> Response.Write("public:" & sTest & "<br>")
    > End Sub
    >
    > Build the project , open two instances of your browser , change the value

    of text box in one instance and submit the page . In another instance of the
    browser, just sumbit the page without any value in the textbox, you find
    only the application-state variable and the public variable retains the
    value and static variable looses scope. Doesn't this mean that static
    variable are session specific as Tom says?

    No. Statics are application-wide. Put that static "x" above the "Private
    Sub" and you'll see what's meant.
    --
    John Saunders
    johnwsaundersiii at hotmail
     
    John Saunders, Jul 16, 2004
    #4
  5. Then why am i getting an error if i declare static above the procedure. it says 'Static is not valid on a member variable declaration'. It is just me?. Thanks
    --
    Ibrahim



    "John Saunders" wrote:

    > "Ibrahim Shameeque" <> wrote in
    > message news:D...
    > > Hi
    > > speaking about static variables, if you have an application-state

    > variable, a public variable in a module and a static variable ( which can be
    > declared only in procedure level) and then write something like below in
    > webform1.aspx
    > >
    > > 'Create a textbox and a button on page
    > > Private Sub Page_Load(ByVal sender As System.Object, ByVal e As

    > System.EventArgs) Handles MyBase.Load
    > > 'Put user code to initialize the page here
    > > Static x As Integer
    > > If TextBox1.Text <> "" Then
    > > x = TextBox1.Text
    > > Application("gettime") = TextBox1.Text
    > > stest = TextBox1.Text 'sTest declared in module1.vb
    > > End If
    > >
    > > Response.Write("stat:" & x & "<br>")
    > > Response.Write("App:" & Application("gettime") & "<br>")
    > > Response.Write("public:" & sTest & "<br>")
    > > End Sub
    > >
    > > Build the project , open two instances of your browser , change the value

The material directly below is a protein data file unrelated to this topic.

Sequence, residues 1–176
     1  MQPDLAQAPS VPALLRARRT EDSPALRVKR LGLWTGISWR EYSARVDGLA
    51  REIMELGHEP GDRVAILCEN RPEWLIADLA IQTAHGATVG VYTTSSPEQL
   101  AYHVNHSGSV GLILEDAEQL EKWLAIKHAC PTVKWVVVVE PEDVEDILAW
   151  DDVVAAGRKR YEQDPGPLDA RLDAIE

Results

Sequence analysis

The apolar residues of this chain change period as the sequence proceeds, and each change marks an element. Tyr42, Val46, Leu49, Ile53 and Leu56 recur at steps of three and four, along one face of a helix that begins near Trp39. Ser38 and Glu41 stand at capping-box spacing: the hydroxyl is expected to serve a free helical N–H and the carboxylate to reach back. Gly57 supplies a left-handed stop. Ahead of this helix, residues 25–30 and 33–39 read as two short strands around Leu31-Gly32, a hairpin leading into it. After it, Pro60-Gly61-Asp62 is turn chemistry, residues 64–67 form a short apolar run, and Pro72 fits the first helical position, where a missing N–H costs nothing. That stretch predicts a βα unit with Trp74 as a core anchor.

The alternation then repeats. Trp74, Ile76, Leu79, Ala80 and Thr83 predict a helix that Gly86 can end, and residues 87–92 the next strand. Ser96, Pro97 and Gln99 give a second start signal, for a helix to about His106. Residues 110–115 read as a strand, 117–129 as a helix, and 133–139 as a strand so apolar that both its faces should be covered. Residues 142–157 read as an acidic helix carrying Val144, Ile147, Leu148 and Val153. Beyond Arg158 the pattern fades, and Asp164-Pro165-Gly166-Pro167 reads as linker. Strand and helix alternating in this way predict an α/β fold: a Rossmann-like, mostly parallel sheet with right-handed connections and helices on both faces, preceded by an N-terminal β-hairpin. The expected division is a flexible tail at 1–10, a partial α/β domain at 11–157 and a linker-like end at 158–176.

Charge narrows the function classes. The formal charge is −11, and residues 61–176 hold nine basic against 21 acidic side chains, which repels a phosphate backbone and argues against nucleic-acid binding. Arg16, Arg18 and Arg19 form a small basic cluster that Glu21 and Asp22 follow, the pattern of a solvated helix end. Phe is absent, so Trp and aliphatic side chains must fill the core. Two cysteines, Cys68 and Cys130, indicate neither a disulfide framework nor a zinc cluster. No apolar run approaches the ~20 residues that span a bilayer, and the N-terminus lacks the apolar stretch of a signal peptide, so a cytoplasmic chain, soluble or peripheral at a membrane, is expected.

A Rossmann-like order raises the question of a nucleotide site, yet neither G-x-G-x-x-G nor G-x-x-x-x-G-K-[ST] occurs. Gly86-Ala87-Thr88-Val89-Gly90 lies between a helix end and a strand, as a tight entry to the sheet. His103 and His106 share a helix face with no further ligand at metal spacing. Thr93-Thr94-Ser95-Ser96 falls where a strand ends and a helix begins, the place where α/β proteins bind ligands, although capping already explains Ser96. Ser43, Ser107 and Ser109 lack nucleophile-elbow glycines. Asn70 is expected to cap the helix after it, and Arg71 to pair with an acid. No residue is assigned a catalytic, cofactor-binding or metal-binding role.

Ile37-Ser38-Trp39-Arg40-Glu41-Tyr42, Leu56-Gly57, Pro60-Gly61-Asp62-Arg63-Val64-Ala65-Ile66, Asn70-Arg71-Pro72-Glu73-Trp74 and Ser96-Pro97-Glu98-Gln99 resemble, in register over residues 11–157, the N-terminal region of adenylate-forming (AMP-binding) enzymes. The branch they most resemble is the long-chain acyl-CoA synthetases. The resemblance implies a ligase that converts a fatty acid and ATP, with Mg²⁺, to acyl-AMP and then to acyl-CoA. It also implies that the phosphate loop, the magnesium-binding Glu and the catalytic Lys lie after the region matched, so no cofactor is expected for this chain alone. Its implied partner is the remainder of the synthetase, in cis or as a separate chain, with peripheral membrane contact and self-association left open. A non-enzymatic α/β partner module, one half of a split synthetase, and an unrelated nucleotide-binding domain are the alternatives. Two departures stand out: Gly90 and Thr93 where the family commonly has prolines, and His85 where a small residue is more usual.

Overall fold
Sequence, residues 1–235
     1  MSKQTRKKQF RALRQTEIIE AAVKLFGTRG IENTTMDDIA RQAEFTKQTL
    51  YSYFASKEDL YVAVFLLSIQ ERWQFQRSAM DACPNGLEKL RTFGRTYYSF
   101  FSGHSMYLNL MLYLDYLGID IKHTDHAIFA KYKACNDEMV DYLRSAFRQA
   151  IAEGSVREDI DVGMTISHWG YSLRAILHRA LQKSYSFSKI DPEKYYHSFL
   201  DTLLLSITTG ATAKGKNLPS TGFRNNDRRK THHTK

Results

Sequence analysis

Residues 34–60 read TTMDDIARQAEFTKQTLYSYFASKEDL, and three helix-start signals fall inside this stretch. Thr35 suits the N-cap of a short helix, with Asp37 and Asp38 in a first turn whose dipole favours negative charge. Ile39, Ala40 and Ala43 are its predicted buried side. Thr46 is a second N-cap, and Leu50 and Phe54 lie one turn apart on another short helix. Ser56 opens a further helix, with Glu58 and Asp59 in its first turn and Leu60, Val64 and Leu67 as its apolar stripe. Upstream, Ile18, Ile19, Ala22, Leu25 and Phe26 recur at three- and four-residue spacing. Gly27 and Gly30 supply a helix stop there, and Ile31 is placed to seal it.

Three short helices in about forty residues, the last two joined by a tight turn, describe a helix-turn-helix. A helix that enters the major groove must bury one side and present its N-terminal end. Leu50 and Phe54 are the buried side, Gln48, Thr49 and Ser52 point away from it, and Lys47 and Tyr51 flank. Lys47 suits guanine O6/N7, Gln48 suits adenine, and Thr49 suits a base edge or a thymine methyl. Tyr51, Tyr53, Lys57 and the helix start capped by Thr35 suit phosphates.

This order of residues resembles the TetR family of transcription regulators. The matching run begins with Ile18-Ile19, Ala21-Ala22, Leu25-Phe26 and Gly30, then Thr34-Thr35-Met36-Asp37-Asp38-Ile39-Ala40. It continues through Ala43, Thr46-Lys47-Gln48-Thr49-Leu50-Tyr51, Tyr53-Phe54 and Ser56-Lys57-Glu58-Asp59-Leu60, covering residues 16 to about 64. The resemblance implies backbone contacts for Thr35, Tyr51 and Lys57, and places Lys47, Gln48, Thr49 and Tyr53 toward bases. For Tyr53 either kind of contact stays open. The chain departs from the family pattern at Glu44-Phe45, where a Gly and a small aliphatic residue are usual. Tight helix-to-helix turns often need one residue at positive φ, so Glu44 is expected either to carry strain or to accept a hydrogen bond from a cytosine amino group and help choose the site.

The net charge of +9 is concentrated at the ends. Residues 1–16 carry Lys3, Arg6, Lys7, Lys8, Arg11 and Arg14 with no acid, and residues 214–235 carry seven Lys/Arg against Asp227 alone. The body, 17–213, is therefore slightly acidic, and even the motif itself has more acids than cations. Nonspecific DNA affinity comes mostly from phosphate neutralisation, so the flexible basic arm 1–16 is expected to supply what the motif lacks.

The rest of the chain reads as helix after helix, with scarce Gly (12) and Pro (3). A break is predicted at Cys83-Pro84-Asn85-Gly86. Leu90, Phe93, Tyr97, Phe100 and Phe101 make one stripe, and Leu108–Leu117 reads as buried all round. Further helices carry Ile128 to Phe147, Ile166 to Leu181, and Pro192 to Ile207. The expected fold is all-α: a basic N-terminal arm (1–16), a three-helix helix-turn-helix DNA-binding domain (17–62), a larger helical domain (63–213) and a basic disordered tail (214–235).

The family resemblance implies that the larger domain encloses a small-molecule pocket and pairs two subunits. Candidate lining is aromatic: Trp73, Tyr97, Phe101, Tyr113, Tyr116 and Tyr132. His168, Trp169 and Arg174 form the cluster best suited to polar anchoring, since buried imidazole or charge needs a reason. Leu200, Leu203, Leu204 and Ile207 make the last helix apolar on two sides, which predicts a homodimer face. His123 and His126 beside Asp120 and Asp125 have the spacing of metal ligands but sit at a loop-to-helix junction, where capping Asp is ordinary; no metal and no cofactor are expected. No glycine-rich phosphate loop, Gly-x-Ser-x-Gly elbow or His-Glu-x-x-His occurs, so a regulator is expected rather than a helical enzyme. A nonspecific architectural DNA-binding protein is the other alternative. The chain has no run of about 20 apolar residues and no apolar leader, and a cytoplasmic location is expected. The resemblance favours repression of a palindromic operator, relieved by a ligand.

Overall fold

> of text box in one instance and submit the page . In another instance of the
    > browser, just sumbit the page without any value in the textbox, you find
    > only the application-state variable and the public variable retains the
    > value and static variable looses scope. Doesn't this mean that static
    > variable are session specific as Tom says?
    >
    > No. Statics are application-wide. Put that static "x" above the "Private
    > Sub" and you'll see what's meant.
    > --
    > John Saunders
    > johnwsaundersiii at hotmail
    >
    >
    >
     
    =?Utf-8?B?SWJyYWhpbSBTaGFtZWVxdWU=?=, Jul 19, 2004
    #5
  6. "Ibrahim Shameeque" <> wrote in
    message news:...
    > Then why am i getting an error if i declare static above the procedure. it

    says 'Static is not valid on a member variable declaration'. It is just me?.
    Thanks

    No, not just you. I screwed up. I didn't realize that VB.NET had the concept
    of "Static" as different from "Shared". I do not know if a "Static" variable
    will receive interference from other requests, but I suspect that it will.
    The VB.NET language doesn't know anything about requests, or threads, so if
    a Static variable keeps its value across multiple function calls, then I
    suspect that all threads or requests calling that function will see the same
    value, and I suspect that one thread could interfere with another.
    --
    John Saunders
    johnwsaundersiii at hotmail



    > "John Saunders" wrote:
    >
    > > "Ibrahim Shameeque" <> wrote

    in
    > > message news:D...
    > > > Hi
    > > > speaking about static variables, if you have an application-state

    > > variable, a public variable in a module and a static variable ( which

    can be
    > > declared only in procedure level) and then write something like below

    in
    > > webform1.aspx
    > > >
    > > > 'Create a textbox and a button on page
    > > > Private Sub Page_Load(ByVal sender As System.Object, ByVal e As

    > > System.EventArgs) Handles MyBase.Load
    > > > 'Put user code to initialize the page here
    > > > Static x As Integer
    > > > If TextBox1.Text <> "" Then
    > > > x = TextBox1.Text
    > > > Application("gettime") = TextBox1.Text
    > > > stest = TextBox1.Text 'sTest declared in module1.vb
    > > > End If
    > > >
    > > > Response.Write("stat:" & x & "<br>")
    > > > Response.Write("App:" & Application("gettime") & "<br>")
    > > > Response.Write("public:" & sTest & "<br>")
    > > > End Sub
    > > >
    > > > Build the project , open two instances of your browser , change the

    value
    > > of text box in one instance and submit the page . In another instance of

    the
    > > browser, just sumbit the page without any value in the textbox, you find
    > > only the application-state variable and the public variable retains the
    > > value and static variable looses scope. Doesn't this mean that static
    > > variable are session specific as Tom says?
    > >
    > > No. Statics are application-wide. Put that static "x" above the "Private
    > > Sub" and you'll see what's meant.
    > > --
    > > John Saunders
    > > johnwsaundersiii at hotmail
    > >
    > >
    > >
     
    John Saunders, Jul 19, 2004
    #6